In an effort to protect employees who, because of COVID-19, cannot work but their employer remains open, the FFCRA was enacted to allow for emergency family and sick leave. This only applies to employers with less than 500 employees, state and local governments, or federal employees not covered under Title II of the FMLA.
- Emergency Sick Leave:
Emergency sick leave is available to employees that are unable to work or telework, and their employer remains open, due to government or health care provider order to quarantine because of COVID-19 or their caring for someone who is subject to a quarantine.
If an employee takes emergency sick leave, the employee is entitled to up to 80 hours of regular rate of pay or two-thirds their regular rate of pay-depending on the circumstances.
- Emergency Family Leave:
Emergency family leave is available to an employee who must take care of their child due to schools or child-care closing down but cannot telework while their employer remains open for business.
If an employee chooses to take emergency family leave, the employee is entitled to 12 weeks of job-protected family leave-the first 10 days of which may be unpaid. This not an additional 12 weeks of leave, but rather a new qualifying event that entitles the employee to take FMLA leave.
- Tax Credits:
Tax credit options do not apply to state or local government employers currently. Qualifying employers who pay qualifying sick or child-care leave will be able to retain an amount of the payroll taxes equal to the amount of qualifying leave that they paid, rather than deposit those amounts with the U.S. IRS.
Payroll taxes that are available for retention include withheld federal incomes taxes, employee share of Social Security and Medicare taxes, and the employer share of Social Security and Medicare taxes with respect to all employees.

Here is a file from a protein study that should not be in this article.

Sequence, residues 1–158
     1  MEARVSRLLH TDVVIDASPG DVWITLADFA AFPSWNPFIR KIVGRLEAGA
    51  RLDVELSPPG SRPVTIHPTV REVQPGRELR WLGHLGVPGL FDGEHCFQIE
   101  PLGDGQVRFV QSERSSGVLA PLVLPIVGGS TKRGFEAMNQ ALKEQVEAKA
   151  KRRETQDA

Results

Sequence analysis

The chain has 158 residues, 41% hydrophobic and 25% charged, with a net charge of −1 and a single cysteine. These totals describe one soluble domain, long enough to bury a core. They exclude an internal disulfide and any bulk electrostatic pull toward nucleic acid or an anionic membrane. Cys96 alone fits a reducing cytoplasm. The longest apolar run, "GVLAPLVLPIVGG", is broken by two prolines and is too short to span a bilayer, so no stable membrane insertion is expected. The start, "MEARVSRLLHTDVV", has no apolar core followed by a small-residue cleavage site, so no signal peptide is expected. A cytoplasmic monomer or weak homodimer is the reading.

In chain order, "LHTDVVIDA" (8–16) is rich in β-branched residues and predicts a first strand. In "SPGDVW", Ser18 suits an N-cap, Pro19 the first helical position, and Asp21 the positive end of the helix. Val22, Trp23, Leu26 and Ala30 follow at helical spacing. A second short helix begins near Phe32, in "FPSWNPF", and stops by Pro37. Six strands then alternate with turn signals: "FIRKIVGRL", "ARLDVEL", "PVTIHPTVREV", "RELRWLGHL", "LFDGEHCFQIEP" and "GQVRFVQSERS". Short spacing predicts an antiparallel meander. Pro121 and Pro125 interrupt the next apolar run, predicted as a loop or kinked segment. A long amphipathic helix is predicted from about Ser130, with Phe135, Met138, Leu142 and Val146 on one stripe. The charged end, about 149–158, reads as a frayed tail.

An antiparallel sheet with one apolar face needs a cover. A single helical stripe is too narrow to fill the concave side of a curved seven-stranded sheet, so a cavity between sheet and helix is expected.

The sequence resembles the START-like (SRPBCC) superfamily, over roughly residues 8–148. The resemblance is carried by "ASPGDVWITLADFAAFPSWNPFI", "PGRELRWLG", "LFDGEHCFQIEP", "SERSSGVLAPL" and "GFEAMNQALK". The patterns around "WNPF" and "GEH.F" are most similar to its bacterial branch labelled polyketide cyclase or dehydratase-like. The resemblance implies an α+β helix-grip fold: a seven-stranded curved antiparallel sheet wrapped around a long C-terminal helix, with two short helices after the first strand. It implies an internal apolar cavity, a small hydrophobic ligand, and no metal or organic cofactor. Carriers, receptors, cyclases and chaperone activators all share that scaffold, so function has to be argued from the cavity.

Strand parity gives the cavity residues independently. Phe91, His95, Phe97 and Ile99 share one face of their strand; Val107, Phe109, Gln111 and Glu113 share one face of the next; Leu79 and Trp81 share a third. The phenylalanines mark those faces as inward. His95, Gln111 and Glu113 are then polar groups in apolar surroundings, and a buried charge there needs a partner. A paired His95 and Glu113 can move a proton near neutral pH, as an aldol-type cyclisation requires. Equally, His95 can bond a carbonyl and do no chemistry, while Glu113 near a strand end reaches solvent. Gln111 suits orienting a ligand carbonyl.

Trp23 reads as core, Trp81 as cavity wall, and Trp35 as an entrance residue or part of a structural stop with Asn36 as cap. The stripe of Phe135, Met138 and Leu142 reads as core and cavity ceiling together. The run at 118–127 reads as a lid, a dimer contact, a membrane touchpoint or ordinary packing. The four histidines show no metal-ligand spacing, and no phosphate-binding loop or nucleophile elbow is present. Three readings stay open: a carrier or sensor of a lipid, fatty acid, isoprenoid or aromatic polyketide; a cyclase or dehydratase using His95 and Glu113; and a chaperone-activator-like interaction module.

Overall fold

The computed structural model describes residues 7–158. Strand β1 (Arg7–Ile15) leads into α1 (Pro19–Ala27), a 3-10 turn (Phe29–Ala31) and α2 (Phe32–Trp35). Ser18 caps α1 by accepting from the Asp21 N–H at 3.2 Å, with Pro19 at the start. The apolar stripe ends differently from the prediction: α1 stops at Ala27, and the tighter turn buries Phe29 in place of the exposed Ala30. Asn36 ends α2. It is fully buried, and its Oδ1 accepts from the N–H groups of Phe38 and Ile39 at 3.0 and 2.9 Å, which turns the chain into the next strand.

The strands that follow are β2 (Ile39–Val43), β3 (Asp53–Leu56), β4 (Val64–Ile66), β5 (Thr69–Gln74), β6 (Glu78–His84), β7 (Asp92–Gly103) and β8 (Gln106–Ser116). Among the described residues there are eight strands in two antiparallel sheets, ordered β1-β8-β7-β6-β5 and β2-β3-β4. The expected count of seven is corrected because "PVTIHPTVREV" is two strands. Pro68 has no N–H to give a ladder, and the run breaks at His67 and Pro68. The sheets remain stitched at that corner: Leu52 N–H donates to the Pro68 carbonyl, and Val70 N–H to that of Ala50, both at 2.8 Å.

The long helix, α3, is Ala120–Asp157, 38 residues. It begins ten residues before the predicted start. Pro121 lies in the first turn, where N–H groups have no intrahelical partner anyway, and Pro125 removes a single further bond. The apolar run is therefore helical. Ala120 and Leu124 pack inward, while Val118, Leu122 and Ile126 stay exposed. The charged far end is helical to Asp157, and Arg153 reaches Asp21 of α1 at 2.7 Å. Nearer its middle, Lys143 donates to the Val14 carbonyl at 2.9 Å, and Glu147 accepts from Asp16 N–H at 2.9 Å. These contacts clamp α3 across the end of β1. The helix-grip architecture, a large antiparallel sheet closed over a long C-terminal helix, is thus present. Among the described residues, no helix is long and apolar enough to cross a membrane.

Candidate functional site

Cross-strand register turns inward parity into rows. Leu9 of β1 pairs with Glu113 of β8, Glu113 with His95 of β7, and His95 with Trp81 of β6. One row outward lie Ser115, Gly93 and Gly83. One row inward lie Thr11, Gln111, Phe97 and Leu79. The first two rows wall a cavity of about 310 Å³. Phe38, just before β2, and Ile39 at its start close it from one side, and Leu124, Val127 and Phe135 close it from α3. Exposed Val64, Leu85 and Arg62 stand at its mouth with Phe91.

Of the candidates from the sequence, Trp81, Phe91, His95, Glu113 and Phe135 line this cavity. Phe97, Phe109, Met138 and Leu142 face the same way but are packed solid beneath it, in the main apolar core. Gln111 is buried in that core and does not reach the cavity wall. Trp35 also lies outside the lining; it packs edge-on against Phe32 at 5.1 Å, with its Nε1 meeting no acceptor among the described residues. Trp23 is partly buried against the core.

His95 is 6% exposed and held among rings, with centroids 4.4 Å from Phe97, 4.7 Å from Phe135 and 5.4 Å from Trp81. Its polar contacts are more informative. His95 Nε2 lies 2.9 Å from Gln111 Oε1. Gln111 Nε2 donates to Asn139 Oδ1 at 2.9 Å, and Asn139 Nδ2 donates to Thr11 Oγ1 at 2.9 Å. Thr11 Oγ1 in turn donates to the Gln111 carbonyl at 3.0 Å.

If there are not enough payroll taxes to cover the cost of qualified sick and child-care leave, employers are able to file a request for an accelerated payment from the IRS.
For more information on the FFCRA, please see our white paper or reach out to us at 720-506-1956.
Supreme Court does not hear case on EEOC’s Power to Investigate Claims:
Supreme Court justices declined to hear a 9th Circuit Court of Appeals ruling stating the EEOC could continue to investigate the employer VF Jeanswear, after it issued a right-to-sue a notice to a former employee. The EEOC sent VF Jeanswear a subpoena seeking information about its employees, which the employer refused to provide. The district court declined to enforce the subpoena, but the Appeals court reversed. The court held that “EEOC subpoenas are enforceable so long as they seek information relevant to any of the allegations in a charge, not just those directly affecting the charging party.”
Justice Clarence Thomas, also former head of the EEOC, dissented from the denial. Justice Thomas noted that there is a circuit court split and to leave the question unanswered “directly implicates the EEOC’s core investigative powers.” Additionally, Justice Thomas disagreed with the 9th Circuit’s approach, believing it subjects the employer to time consuming investigations and drains employer’s resources.
The 10th Circuit disagrees with the 9th Circuit’s approach. In EEOC v. Burlington, the 10th Circuit Court of Appeals found that the EEOC is entitled only to evidence that is “relevant to the charge[s] under investigation.” Here, the EEOC could not investigate beyond the charging parties to determine if there is a pattern or practice of discrimination within the company. Therefore, the evidence is relevant only as it relates to the charging parties and the charges against the employer.